AACHM Living Oral History Project

Welcome to the Living Oral History Project, presented in partnership between the African American Cultural & Historical Museum of Washtenaw County and the Ann Arbor District Library. These interviews serve as a road map illustrating what local African-Americans witnessed, experienced, and contributed to building the community we share today. Topics such as race; gender; education; equality; faith; housing; employment; community building activities; and social infrastructure were presented and discussed. Each topic providing a spectrum of perspectives relevant to the issues and concerns of the African-American community in the history of 20th century Washtenaw County.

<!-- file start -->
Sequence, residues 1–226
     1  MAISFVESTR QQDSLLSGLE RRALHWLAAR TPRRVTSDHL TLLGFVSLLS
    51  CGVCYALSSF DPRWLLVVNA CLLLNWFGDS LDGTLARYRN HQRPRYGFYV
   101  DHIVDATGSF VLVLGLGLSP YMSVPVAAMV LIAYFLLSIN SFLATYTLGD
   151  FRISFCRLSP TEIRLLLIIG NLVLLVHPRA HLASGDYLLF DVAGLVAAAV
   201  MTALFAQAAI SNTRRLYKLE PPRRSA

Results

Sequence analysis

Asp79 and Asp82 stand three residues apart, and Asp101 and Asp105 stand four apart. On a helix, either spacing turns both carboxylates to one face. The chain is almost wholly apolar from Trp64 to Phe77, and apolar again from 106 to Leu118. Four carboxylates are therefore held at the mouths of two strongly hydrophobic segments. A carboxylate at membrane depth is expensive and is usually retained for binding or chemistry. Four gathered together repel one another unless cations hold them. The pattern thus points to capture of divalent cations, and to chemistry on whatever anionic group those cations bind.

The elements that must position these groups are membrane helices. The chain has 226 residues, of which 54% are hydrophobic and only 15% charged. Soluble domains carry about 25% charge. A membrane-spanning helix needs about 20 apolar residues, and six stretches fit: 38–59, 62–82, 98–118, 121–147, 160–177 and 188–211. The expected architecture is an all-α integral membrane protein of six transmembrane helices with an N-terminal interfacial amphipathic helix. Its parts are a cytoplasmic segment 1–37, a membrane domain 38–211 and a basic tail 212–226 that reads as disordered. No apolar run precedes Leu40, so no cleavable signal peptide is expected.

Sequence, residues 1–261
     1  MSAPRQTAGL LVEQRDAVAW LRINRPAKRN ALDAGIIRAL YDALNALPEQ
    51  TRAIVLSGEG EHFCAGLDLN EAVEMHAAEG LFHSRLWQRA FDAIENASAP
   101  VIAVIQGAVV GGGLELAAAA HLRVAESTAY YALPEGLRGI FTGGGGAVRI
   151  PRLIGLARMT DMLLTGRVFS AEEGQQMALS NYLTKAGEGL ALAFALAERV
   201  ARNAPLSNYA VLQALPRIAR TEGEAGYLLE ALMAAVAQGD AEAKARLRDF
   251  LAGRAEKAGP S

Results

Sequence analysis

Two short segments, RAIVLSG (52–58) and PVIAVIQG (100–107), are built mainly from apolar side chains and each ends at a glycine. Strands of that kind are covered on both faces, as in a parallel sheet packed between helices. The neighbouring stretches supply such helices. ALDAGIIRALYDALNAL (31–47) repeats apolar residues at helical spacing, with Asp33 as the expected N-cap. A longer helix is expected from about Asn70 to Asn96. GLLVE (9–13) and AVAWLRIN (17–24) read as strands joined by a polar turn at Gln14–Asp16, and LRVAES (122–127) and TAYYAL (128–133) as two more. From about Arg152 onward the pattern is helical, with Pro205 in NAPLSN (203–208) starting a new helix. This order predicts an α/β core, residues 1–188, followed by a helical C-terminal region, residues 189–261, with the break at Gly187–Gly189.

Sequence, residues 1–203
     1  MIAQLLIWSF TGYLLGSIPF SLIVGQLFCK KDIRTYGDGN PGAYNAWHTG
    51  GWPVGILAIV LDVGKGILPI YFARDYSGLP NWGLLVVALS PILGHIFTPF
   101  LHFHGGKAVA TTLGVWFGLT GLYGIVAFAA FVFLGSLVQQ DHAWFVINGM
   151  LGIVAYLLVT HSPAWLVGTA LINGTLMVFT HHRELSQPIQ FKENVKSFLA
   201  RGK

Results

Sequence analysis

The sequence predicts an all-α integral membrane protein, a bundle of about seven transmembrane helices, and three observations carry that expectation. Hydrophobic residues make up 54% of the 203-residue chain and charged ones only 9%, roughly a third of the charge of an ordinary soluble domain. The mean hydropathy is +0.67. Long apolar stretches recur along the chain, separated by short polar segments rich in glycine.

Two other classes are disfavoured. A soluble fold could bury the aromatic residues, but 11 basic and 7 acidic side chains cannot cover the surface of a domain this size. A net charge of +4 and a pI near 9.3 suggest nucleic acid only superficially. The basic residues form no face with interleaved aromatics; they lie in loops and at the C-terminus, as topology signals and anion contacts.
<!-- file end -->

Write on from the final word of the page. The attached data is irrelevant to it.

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Phase Two

Johnny W. Barfield was born February 8, 1927, in Tuscaloosa, Alabama. As a child he sold soap house to house and, after tenth grade, joined the U.S. Army where he served in France and Germany. After leaving the Army in 1947, Mr. Barfield became a wall washer for the University of Michigan, where hard work, entrepreneurship, and innovation helped him build the largest cleaning business in Ann Arbor. Mr. Barfield is widely recognized for his philanthropic work and support of the African American and business communities.

Tessie Freeman was born June 19, 1924 in Alabama and has lived in Washtenaw County since 1947. An avid lover of poetry and spectator sports, Ms. Freeman raised three children while doing domestic work and dressing hair to supplement her family’s income. Ms. Freeman is proud of her children and encouraged them to get an education, even going so far as to enroll at Wayne State University at the same time her youngest son. Ms. Freeman has always spoken for herself and she’s proud to share her story.